It would also make sense if electrical utility rates are set to encourage district cooling companies in order to justify the big investments. It is also equally important to lift electrical subsidies to ensure that end users resort to efficient systems, even in the standalone model. This environment would be conducive to district cooling, the aim of which is ultimate electrical savings and environmental protection. The end-user, developer, economy and the district cooling company need to operate in a coordinated manner. If any of these factors fall out of place, all will be negatively impacted. Despite the fact that users of district cooling suffer from high rates, district cooling companies have failed financially. Thus district cooling companies and operators must be more selective in choosing which projects to invest in. Banks are now doing project financing, so that would put a third party, a neutral assessment, to make sure if a project is viable or not.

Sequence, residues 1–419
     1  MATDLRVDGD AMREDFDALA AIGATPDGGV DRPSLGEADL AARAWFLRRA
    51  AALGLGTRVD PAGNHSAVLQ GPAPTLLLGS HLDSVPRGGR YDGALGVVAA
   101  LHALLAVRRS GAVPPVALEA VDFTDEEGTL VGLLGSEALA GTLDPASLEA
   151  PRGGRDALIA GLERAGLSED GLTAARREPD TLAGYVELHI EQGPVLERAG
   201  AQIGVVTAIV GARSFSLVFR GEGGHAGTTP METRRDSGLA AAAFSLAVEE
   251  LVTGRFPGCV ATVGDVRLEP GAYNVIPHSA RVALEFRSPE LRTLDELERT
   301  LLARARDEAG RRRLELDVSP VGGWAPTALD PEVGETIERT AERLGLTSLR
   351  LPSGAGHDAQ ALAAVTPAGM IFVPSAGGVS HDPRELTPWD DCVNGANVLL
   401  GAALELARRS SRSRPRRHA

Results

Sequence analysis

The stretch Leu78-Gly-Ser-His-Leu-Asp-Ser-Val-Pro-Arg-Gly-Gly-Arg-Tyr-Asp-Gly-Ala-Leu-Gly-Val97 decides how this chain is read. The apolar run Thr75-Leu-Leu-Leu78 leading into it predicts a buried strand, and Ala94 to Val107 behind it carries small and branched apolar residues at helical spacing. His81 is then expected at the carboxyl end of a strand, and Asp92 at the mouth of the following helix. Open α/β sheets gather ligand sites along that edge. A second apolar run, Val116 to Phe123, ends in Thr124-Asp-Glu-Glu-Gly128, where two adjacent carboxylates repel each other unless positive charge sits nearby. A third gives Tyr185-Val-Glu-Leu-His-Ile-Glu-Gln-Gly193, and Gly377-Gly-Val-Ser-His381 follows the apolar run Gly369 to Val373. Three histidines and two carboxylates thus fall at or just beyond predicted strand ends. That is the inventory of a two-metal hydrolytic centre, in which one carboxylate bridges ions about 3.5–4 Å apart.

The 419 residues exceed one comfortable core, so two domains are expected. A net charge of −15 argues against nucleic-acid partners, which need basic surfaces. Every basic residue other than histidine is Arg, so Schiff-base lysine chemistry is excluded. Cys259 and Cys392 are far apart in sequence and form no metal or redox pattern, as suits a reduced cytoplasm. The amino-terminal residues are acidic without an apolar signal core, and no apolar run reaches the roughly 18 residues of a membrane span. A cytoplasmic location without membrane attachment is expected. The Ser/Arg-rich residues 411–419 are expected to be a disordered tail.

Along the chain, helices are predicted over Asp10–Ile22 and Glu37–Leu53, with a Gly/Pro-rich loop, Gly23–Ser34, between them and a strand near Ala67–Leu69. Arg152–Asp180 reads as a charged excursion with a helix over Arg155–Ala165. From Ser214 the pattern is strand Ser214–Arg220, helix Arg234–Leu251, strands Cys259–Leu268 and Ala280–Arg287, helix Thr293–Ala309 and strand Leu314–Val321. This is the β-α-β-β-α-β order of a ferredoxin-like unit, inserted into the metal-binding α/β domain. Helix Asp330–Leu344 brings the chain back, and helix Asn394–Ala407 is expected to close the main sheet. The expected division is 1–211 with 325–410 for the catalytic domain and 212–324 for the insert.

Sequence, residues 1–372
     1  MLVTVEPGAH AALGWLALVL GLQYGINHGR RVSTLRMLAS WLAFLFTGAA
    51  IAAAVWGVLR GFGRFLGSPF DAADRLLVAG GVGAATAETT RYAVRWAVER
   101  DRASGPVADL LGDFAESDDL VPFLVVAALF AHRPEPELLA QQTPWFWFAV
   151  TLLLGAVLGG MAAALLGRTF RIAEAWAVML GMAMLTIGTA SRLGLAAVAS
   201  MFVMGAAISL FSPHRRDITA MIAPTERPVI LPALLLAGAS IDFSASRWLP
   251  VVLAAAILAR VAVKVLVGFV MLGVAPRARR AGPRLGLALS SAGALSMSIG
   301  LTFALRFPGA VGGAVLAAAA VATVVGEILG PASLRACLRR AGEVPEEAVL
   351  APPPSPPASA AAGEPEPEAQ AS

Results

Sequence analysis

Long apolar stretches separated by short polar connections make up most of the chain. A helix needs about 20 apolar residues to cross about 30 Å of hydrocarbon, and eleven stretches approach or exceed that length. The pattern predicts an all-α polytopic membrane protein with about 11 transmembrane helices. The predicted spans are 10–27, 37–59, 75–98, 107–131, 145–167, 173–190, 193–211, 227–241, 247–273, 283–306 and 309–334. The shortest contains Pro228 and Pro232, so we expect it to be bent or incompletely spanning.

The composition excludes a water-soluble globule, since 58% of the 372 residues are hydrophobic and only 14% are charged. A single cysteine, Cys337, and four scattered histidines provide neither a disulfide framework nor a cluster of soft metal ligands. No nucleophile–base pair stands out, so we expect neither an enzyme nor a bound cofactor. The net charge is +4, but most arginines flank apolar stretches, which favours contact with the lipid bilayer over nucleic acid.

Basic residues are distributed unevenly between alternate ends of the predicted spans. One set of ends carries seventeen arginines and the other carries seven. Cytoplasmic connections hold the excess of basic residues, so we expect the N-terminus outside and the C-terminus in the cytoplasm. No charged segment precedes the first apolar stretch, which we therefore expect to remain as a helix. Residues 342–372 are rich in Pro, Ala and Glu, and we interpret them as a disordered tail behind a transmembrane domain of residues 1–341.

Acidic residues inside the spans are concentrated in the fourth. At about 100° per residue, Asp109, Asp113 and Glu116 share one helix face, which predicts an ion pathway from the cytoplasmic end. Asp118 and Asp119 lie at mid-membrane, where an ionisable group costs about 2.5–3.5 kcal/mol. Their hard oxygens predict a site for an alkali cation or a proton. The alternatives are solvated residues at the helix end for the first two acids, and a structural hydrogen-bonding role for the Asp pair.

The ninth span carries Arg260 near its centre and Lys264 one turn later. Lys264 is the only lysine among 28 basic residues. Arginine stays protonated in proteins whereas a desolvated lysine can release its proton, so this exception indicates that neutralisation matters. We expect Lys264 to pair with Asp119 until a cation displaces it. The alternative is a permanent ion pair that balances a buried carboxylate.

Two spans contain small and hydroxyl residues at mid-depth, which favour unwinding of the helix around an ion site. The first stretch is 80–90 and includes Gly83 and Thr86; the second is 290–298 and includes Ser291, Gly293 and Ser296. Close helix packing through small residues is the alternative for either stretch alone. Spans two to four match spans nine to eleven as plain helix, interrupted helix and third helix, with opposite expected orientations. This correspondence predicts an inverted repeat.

In my view, district cooling is an option not only for new developments but also for existing cities that are still using ageing air conditioning plants, such as air cooled chillers supplied in the 1980s and early 1990s. The building industry in Saudi Arabia is old compared to the industry in the UAE. It is densely dotted with buildings that use old technologies. If you can do district cooling and install cooling water pipes in the cities, you will see a huge shift in energy efficiency. In the Saudi context, it makes sense to replace chillers on the roof and give chilled water at much higher efficiencies and at a financial benefit to both the end user and the district cooling company. Upgrading old equipment for the individual owner requires a heavy unexpected capex, and they would certainly opt for district cooling, if given the chance. This model would also ensure that district cooling companies would build a plant to match the needed load, since it is measurable and real and not speculative. For new developments, district cooling will work if the load and capacity are developed at the same time.